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‘Brendan’s Law’ will save lives

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CHANGES to laws relating to drunk drivers involved in fatal accidents will save lives, says one Birr native, who tragically lost her son after he was killed by a drunk driver three years ago.

Christina Donnelly is campaigning hard for public support in a bid to change the law, dubbed ‘Brendan’s Law’ and wants to see drivers involved in fatal accidents, who fail breath tests suspended from driving once charged until their case comes before the courts.

The Birr native’s son, Brendan was killed aged 24 along with his 26 year old friend Lee Salkeld on October 26 2009 as they travelled to Cork airport for a holiday and would have been 27 on May 20 next.

As part of the cause, ‘Brendan’s Law’ also seeks mandatory sentences of a minimum of six years for drunk drivers convicted in relation to fatal accidents along with mandatory disqualifications from driving from between 20 and 25 years.

Support has also been garnered from Senator Mark Daly along with Waterford councillor Gary Wyse and a group of DIT postgraduate students under the guidance of Dr Nick Flynn and it is understood that the campaign team are working on the preparation of a draft bill in respect of the proposed changes.

Christina explained that the campaign has gained “huge momentum” since it took off on Facebook on October 2011. “It has gathered huge momentum and there has been great support,” the campaigner said.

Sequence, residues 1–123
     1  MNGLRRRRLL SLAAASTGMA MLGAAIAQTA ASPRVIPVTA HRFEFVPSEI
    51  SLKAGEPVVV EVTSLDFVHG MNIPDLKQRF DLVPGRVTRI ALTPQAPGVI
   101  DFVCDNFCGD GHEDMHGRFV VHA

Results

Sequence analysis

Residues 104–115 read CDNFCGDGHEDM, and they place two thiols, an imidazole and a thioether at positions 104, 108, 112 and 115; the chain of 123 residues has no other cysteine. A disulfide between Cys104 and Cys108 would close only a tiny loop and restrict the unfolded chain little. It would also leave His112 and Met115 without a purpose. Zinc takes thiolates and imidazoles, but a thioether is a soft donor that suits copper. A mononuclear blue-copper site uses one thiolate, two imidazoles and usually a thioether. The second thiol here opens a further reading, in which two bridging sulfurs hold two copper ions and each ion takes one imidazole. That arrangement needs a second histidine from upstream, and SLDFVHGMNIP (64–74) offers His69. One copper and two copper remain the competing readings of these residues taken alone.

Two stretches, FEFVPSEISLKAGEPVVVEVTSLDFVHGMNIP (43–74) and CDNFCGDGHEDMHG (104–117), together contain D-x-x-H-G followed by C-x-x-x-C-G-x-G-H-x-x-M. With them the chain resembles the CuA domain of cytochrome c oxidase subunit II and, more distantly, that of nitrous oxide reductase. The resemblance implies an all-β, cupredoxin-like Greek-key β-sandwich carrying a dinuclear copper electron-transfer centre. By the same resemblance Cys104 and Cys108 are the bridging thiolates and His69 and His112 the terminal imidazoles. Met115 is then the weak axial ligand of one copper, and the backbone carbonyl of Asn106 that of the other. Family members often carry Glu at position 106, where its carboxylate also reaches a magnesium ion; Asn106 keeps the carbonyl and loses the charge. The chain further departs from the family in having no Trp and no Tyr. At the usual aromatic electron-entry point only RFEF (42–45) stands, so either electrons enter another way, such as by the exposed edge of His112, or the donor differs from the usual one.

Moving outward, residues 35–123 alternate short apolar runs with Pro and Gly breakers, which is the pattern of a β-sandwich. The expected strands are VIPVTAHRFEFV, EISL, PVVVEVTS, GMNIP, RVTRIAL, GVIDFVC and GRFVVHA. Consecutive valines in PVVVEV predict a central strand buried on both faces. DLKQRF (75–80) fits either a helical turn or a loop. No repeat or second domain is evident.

It is now hoped that the campaign will secure the support of the Road Safety Authority [RSA] in the coming weeks. The campaign’s facebook page currently stands at almost 2,500 likes and it to this that Christina is pleading with people to show their support for the cause.

Christina explained that this campaign and the proposed changes to the laws are for the families now and in the future.

“One day, it will all come to fruition and reach a conclusion,” she said, believing that the changes could go some way in easing the pain of families as well as saving lives.

“And, it is all about saving lives. I would ask the public to support it and visit the facebook site. Every click is important.” There is also a petition page at www.ipetition.com that people can lend their support to the campaign.

Meanwhile on the campaign front, Dr Flynn, explained that the team need legal advise and asked if there are people with legal expertise who wish to support this campaign to get in contact with them.

“This will make a difference,” he added.

 

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